LB Public Health Warns About Flea Borne Typhus

Aug. 13, 2012 / By

Thanks to Councilperson Gerrie Schipske’s Blog for this posting

Long Beach Public Health Officials Issue
Recommendations to Prevent Flea-Borne Typhus

By Content Provider(s): Centers for Disease Control and Prevention (CDC) / Janice Carr [Public domain], via Wikimedia Commons

 The City of Long Beach is alerting the public about flea-borne typhus, a disease transmitted to humans by fleas.  In 2012 to date, eleven cases of flea-borne typhus have been reported among Long Beach residents, as compared to nine reported for all of 2011.  Officials conducted a detailed investigation into the cases that have been reported, and believe that in all cases, exposure to fleas carried by opossums, cats, or rodents may have been the source of infection.  Prior to 2006, flea-borne typhus was not known to be present in the City of Long Beach.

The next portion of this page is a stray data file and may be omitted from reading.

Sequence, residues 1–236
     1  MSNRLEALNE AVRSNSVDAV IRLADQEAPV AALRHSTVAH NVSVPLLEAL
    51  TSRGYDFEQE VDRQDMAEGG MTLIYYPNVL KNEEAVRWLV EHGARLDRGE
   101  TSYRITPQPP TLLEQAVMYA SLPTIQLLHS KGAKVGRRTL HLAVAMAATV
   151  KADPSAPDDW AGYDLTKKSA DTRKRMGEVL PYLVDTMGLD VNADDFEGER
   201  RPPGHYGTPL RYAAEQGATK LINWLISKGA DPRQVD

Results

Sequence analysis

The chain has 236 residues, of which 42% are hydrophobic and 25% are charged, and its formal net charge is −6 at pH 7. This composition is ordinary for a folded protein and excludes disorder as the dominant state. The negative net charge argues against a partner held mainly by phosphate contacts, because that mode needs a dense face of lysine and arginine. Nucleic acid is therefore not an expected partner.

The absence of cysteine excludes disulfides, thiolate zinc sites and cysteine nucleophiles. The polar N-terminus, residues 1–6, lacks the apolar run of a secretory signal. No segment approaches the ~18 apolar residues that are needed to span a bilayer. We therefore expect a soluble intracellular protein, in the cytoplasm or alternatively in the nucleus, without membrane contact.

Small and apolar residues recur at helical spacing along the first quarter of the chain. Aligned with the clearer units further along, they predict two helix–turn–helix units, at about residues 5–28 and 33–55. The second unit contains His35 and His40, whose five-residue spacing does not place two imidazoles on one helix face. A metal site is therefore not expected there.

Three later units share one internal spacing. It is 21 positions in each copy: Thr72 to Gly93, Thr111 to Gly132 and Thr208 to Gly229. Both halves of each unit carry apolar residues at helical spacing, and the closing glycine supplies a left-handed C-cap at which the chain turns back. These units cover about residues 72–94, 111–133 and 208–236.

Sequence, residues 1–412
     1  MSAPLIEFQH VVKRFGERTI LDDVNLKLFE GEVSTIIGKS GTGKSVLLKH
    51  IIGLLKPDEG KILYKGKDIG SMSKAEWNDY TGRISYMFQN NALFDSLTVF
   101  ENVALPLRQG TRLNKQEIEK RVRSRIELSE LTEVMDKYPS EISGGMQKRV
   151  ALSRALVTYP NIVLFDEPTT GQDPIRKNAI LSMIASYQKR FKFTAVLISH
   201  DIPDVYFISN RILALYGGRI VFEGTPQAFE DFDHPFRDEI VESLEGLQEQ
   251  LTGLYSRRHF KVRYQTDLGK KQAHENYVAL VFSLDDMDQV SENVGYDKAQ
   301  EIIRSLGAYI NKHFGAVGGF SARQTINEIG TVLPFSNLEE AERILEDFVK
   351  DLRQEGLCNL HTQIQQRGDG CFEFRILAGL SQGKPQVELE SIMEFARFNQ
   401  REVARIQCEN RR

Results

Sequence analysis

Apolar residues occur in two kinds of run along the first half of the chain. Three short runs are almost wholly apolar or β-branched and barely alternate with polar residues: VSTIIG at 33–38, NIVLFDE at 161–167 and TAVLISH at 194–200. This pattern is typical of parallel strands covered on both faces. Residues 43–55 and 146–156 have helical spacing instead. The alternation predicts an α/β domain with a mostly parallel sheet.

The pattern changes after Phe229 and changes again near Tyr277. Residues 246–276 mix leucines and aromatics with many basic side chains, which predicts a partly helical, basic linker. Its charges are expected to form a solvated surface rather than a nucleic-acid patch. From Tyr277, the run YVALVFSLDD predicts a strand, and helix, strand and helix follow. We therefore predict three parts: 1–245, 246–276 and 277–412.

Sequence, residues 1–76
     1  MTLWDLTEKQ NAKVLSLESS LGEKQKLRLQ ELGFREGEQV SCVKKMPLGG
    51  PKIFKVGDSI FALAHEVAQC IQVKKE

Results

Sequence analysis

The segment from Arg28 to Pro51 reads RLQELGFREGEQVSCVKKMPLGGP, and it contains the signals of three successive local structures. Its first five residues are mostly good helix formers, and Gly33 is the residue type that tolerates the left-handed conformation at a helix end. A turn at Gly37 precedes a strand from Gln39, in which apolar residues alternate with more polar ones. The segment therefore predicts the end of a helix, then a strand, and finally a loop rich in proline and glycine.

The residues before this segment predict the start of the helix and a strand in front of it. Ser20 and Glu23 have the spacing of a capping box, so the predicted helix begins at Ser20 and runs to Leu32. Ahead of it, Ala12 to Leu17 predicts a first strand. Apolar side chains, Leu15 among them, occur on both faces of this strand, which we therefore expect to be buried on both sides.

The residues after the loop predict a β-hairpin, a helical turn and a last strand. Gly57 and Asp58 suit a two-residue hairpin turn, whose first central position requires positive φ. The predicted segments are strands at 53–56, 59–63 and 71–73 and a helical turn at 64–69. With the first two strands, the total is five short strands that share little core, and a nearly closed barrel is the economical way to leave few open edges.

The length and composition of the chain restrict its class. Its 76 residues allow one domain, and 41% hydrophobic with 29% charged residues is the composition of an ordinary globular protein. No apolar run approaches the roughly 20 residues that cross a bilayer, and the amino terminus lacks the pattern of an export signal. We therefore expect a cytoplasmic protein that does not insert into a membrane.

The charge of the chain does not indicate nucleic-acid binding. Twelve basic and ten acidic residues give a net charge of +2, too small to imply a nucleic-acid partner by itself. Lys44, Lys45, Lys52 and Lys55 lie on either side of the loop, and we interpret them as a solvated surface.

Flea-borne typhus (murine typhus) is a disease spread by fleas living on rodents (rats, mice), opossums, cats, and raccoons.  People get the disease through the bites of infected fleas.  Flea-borne typhus is not spread from person to person.  The most common symptoms of flea-borne typhus are high fevers, severe headaches, body aches and a rash.  The disease is rarely fatal, but people can become sick enough to be hospitalized.

Read more HERE